TOKYO (Reuters) - U.S. President Donald Trump, on a four-day visit to Japan, spent what he said was “an incredible evening” watching the Japanese national sport of sumo on Sunday, although the visit left some wrestling fans grumbling over tight security.
Answering a request from Trump, who said last month that he’d always found the sport - where nearly naked wrestlers grapple on a raised sand ring - “fascinating,” sumo officials prepared for the unprecedented visit as the climax to a day of bonding between Trump and Japanese Prime Minister Shinzo Abe over hamburgers and golf.
“I’ve always wanted to see sumo wrestling, so that was really great,” Trump said at the start of a dinner with Abe, accompanied by his wife, Melania, and Abe’s wife Akie, just after the match.
“That was an incredible evening.”
About 1,000 of the 11,000 seats in the legendary Kokugikan sumo venue, including some of the most expensive, were reserved for Trump, Abe and their security teams.
U.S. and Japanese secret security agents paced through the venue hours before Trump’s arrival and lined the hallways that take the wrestlers to the ring, while ordinary fans had to pass through metal detectors and take a sip of any beverages they brought with them in front of security.
Other departures from tradition had prompted complaints ahead of time, including the provision of armchairs for Trump and his wife Melania instead of the “zabuton” floor cushions customarily used by ringside spectators and a ban on the sale of bottled beer and hot tea.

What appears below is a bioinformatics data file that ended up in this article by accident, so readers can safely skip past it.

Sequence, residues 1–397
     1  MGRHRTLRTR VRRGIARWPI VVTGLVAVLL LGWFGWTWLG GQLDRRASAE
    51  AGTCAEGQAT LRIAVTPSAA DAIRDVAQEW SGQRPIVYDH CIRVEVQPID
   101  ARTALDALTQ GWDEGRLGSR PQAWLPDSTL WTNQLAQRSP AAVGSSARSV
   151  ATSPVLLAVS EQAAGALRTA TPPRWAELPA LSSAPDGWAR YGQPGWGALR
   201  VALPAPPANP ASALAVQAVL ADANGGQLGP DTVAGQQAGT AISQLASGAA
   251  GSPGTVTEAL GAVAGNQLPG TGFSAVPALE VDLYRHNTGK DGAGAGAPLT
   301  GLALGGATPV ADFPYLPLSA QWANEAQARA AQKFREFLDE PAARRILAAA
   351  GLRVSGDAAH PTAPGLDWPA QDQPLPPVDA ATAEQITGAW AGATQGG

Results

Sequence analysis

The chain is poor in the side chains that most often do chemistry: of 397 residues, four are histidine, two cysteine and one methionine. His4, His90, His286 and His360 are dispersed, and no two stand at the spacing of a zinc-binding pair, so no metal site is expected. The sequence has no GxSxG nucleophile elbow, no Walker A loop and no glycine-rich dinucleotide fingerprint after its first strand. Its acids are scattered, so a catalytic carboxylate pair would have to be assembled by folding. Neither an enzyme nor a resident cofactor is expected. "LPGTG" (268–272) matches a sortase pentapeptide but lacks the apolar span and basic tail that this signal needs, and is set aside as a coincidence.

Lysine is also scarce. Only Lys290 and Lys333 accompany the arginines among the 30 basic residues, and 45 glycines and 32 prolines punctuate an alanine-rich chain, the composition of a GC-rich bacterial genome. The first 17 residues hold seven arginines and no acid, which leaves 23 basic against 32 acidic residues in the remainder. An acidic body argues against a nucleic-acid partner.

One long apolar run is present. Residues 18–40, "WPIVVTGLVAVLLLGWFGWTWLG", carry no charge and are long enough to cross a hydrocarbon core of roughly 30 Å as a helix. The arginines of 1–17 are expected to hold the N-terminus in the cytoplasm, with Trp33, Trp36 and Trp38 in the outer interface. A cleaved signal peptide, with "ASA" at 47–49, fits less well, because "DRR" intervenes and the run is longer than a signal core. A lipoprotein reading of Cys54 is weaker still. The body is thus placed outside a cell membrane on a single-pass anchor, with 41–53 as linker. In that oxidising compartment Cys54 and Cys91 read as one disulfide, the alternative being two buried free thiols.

The match was also paused for Trump and Abe’s arrival, just before the bout of tournament winner Asanoyama, a rising Japanese star.
“It was too bad that the match was halted to allow Trump to enter, and also that the usual drinks service was different,” said Hisao Sakai, 66, a long-time sumo aficionado.
“But it was needed for security, so there’s no help for it.”
Trump presented the 25-year-old Asanoyama with a custom-made trophy called the United States President’s Cup - a set of wooden stairs fitted to the side of the raised sumo ring to make it easy for him to ascend for the prize-giving.
Other fans took the changes in good part, waving to Trump as he entered and pulling out their phones to take photos.
“It was amazing to see the president here,” said Midori Yoshida, 27. “I wish more Japanese young people would take an interest in sumo.”
Trump praised the wrestlers as “great athletes” and said
he hoped the trophy, which was topped with a bald eagle, the U.S. national bird, would be used for hundreds of years to come. It will be presented to the winner at each May tournament from now on, NHK national television said.
Trump was not the first foreign dignitary to present a special trophy to a sumo tournament winner.
Former French President Jacques Chirac, who was such a big fan he even named his pet dog “Sumo,” created the President of the Republic of France Cup and presented the trophy to the winning wrestler in 2000. It was presented every year until Chirac left office in 2007.
Reporting by Jeff Mason, Ami Miyazaki and Elaine Lies, writing by Elaine Lies; Editing by Keith Weir